Drop the puck?

With Fertitta's purchase of the Rockets, the NHL in Houston makes perfect sense

Las Vegas made its debut in the NHL. Will Houston be next? Ethan Miller/Getty Images

Fred Faour is host of The Blitz on ESPN 97.5 and Editor in Chief of SportsMap. In this column he makes the case for an NHL team in Houston.

The Billion Dollar Buyer spent more than two billion to get the Houston Rockets. Tilman Fertitta's purchase of the team was officially announced on Tuesday, and Rockets fans are excited -- as they should be -- about the new ownership.

Fans of hockey in Houston should be thrilled as well. Fertitta and Rockets CEO Tad Brown addressed the possibility of an NHL team at his introductory press conference.

“We’ve looked at many NHL teams over the years. It wasn’t a matter of not wanting to bring someone in, whether they be a tenant or not, it’s just that the deals didn’t work," Brown said. “Tilman and I have talked about a number of different things. There’s optionality going forward with things that he wants to look at. And we’re going to look at everything that makes sense for this building, for his companies, and for the city of Houston."

“You’ve got to pay attention to the numbers," Fertitta said. "I would put an NHL team here tomorrow, but this one (the Rockets) has got to work. Do I want to see Toyota Center filled up 300 nights a year? Definitely. We’ll do whatever we can do, but it’s got to make sense. But will we be aggressive? Yes, that’s my nature.” 

Former Rockets owner Les Alexander tried several times in the late '90s to bring in a team, but it never came to fruition. More recently, he lost interest and in fact hindered the sport in the city, essentially chasing away the AHL Aeros. His strangehold on the Toyota Center made it impossible for another owner to bring in a franchise.

But with Fertitta now in charge, there are plenty reasons why the NHL needs to be here. Houston is by far the largest city in the U.S. or Canada without an NHL team. Before you say hockey would not work in H town, consider these positives:

1) By 2020, Houston is expected to surpass Chicago as the third largest city in America. It is roughly the size of Toronto and continues to grow each year. It recently became the No. 7 media market and continues to move up those rankings, too. It was No. 11 just a few short years ago.

2) Many of the people moving here are from the Midwest and other hockey hotbeds. It is also the most diverse city in the country. 

3) It is a very transient place. A good majority of the population is from elsewhere and those numbers only continue to increase. There is also a huge contingent of Canadians, many from Alberta due to the oil business. And we all know Canadians love hockey.

4) The fast-growing East Downtown area -- walking distance from Toyota Center -- is a hotbed for incoming Houstonians and new homes are going up almost daily.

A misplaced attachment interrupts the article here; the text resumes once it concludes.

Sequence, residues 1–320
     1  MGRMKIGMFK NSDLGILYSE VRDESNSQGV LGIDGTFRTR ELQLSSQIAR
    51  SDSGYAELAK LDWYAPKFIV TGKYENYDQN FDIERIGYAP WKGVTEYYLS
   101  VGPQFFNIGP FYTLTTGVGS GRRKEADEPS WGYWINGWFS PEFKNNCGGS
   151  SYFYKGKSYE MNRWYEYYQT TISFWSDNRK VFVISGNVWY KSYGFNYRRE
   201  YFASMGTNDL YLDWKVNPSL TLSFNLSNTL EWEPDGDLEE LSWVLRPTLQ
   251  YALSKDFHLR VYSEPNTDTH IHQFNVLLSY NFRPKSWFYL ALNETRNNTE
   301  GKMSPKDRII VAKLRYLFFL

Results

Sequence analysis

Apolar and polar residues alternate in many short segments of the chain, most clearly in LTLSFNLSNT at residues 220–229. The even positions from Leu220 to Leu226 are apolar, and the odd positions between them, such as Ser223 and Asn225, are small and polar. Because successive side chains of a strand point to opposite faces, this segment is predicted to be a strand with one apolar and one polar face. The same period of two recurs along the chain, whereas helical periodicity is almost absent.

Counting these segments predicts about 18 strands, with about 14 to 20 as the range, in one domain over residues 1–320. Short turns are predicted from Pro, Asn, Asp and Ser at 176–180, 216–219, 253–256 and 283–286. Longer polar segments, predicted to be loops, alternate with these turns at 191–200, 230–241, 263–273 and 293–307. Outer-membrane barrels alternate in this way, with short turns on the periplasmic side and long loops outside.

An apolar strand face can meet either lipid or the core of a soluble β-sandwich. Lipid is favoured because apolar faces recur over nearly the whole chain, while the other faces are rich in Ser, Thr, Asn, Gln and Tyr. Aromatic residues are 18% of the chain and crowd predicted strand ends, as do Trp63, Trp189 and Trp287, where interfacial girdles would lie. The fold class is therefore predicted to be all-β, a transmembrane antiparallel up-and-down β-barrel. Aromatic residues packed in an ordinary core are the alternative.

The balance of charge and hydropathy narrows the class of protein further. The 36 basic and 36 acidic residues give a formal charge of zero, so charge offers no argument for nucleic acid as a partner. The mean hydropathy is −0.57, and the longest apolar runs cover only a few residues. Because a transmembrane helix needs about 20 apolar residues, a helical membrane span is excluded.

5) Before the Aeros left, hockey was exploding on the youth level, with several rinks popping up around the city. When the team made the Calder Cup Finals, it packed Toyota Center.

The negatives:

1) Houston is a spread out city, and many people live in the burbs. When the Astros and Rockets are struggling, people are less likely to make the trip downtown or stay after work. It's also a front-running city. When teams win, people get behind them. When they lose? Empty seats. That has been consistent with Houston fans and teams for years. 

2) While there are a lot of hockey fans in the city -- more than enough to fill Toyota Center nightly -- they are Blackhawks fans, Flames fans, Oilers fans, Rangers fans, Red Wings fans, Leafs fans...would they go to see a Houston team?

3) The NHL might not appreciate the gold mine that is sitting here. In 2007, as part of a group of sports editors who met with league commissioners, I asked Gary Bettman point blank why Houston was not on the NHL's radar. He gave a smarmy non-answer and insinuated the NHL already had the Texas market thanks to the Stars. I don't need to state what a silly concept that is. 

But that's it. The positives win.

Besides, the NHL needs a market like Houston to grow its product. The diversity here could help the league tap into demographics where it has little foothold. It would also bring in East Texas and Western Louisiana.

And rest assured, the NHL also needs owners like Fertitta, a high-profile TV star who is media savvy. He helped lead UH's bid to get into the Big 12, and while that failed, the university is well-positioned to do great things athletically in the future. He will do the same for the Rockets. 

And hopefully soon, an NHL team.

There are struggling franchises who would thrive in Houston -- Carolina and Arizona come to mind. (Although the Phoenix area is a good market; the team needs to be somewhere other than Glendale and sort out its arena issues). The Dallas Stars have been successful, so hockey can work in Texas, although Dallas is a better sports city than Houston. Seattle is the main destination often mentioned for the NHL, but a viable arena remains years away. Toyota Center is still state of the art and ready for business right now.

So the whole thing makes too much sense.